Looking back to the 1967 Melbourne Cup

Sports correspondent & historian
with Sideline Sid

History buffs tend to collect things - and I am no exception having collected sporting memorabilia over half a century.

The oldest piece I have, is a 1936 Auckland Provincial Surf Lifesaving program from the event at Ohope Beach over the hill from Whakatane.

Amongst my collection, is the 1967 Melbourne Cup race-book gathered from being at the race that stops two nations, which I pick up and read again on Melbourne Cup Day.

Perusal of the race-book gives a snapshot of the times. The Melbourne Cup stake was $60,000 while the 2023 edition was run for a total of $9 million. The Cup Day program cost 20 cents, and there was a full page advertisement for Craven Filter cigarettes in the program.

While a myriad of water has run under my bridge of memories, the finish of the big race is still crystal clear to me. Red Handed, trained by the legendary Bart Cummings, poked its nose in front to nut Kiwi representative Red Handed on the line.

It's worth looking back to 1967, as a number of events helped shape the world of today. July 10, 1967, was decimal currency day where pounds, shillings and pence were replaced by dollars and cents.

Later in the year, six o'clock closing (of hotels) which had been introduced as a temporary war measure in 1917, was repealed to be replaced by the later hour of ten o'clock.

Sir Arthur Porritt was the first New Zealand born citizen to be appointed Governor General of our country. The later Lord Porritt won a bronze medal in the 100m sprint at the 1924 Olympics in Paris. The race was later immortalized in the film Chariots of Fire.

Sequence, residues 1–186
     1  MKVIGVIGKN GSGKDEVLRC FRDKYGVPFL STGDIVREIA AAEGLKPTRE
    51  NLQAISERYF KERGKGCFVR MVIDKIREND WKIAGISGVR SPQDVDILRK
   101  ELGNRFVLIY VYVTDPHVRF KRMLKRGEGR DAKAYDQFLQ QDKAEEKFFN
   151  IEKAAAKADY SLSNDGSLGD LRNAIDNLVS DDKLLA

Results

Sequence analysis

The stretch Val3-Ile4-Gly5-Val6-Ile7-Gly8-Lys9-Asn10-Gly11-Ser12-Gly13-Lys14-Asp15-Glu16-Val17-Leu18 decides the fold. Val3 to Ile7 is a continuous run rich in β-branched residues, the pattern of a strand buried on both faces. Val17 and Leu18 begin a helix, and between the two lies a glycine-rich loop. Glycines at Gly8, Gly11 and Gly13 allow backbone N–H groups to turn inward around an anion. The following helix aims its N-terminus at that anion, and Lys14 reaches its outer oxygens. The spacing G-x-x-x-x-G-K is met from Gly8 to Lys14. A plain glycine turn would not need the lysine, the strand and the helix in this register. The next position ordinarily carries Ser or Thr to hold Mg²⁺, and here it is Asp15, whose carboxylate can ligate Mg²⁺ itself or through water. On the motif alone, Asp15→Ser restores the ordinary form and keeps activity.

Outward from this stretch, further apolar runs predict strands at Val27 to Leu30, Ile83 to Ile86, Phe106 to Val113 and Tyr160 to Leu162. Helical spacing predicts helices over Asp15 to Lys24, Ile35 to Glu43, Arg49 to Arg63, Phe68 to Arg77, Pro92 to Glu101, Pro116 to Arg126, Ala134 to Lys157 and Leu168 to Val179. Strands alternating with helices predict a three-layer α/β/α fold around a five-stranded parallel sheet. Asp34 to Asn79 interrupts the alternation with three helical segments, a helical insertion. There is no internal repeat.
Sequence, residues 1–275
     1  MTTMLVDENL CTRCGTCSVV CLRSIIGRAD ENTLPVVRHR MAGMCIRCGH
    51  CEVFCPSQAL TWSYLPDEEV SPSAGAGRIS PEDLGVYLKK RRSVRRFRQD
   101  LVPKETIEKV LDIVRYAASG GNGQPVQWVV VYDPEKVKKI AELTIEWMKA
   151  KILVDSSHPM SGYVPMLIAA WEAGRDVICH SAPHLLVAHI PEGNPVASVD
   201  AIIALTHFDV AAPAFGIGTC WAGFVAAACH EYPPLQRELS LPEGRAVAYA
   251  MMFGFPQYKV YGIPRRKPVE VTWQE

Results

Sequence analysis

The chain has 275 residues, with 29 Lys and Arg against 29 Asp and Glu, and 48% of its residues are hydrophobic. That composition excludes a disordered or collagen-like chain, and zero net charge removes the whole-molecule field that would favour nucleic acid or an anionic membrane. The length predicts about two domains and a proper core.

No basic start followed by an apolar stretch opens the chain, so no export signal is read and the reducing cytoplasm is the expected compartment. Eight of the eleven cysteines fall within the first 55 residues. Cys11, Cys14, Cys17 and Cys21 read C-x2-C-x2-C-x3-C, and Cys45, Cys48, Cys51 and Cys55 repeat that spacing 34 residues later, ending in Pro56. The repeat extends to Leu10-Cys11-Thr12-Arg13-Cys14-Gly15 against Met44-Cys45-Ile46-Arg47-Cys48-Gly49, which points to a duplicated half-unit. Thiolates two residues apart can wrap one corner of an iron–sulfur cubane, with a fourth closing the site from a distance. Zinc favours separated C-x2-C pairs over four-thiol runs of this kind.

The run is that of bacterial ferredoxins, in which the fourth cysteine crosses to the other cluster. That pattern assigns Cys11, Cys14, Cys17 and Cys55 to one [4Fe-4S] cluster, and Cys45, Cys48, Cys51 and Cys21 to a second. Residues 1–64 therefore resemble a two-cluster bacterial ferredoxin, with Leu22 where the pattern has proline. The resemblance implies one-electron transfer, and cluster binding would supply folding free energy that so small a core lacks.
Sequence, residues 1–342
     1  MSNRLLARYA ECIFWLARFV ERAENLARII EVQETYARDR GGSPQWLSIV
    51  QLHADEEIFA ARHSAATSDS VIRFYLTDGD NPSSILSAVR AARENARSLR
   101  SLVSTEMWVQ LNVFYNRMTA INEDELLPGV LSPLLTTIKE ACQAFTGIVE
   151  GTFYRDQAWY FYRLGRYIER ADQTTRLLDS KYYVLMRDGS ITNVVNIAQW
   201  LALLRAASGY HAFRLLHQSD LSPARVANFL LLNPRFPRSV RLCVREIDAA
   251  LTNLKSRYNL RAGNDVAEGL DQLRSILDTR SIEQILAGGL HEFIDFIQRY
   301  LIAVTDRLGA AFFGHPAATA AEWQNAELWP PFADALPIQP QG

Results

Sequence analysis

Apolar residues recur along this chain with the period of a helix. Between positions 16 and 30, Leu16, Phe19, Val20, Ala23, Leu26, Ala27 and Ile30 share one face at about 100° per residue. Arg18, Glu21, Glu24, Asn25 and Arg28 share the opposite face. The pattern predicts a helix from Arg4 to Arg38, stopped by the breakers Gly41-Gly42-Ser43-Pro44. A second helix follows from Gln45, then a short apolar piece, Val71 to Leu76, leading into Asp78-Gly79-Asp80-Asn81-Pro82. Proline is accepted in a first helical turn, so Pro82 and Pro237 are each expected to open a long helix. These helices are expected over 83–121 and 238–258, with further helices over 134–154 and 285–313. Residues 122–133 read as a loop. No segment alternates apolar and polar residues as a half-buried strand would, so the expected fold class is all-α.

Forebodings of future conflict were heralded when the New Zealand Rugby Union canceled the planned tour of South Africa.

Another significant event was the end of free school milk distribution. I can still remember being a milk monitor in primary school. It was our task to distribute the milk to classrooms then collect and stack the empties for collection.

The policy behind free school milk seems to have gone full circle, with many schools now providing free breakfasts and lunches, to ensure pupils receive regular dietary requirements.

Some of the sports men and women who would go on to legendary status in world sport made significant achievements in 1967.

Golf legend Jack Nicklaus won the US Golf Open for the second time, going on to further success in 1972 and 1980. Nicklaus would finish his career with a record 18 masters titles which still stands today.

Wimbledon was won by John Newcombe and Billy Jean King who are both highly respected and revered in the twenty-first century.

The first Superbowl was staged in the States with the Green Bay Packers defeating the Kansas City Chiefs 35-10. Super Bowl One brought together the rival AFL and the NFL, and has gone on to become one of the biggest televised events of world sport.

New Zealand was in Formula 1 headlines with Denny Hulme who won the F1 World drivers’ championship. There was a strong Western Bay of Plenty connection with Hulme spending his formative years on the family farm at Pongakawa.

I believe that today is shaped by what happened in the past, with 1967 playing no small part, in transforming the twenty-first century.

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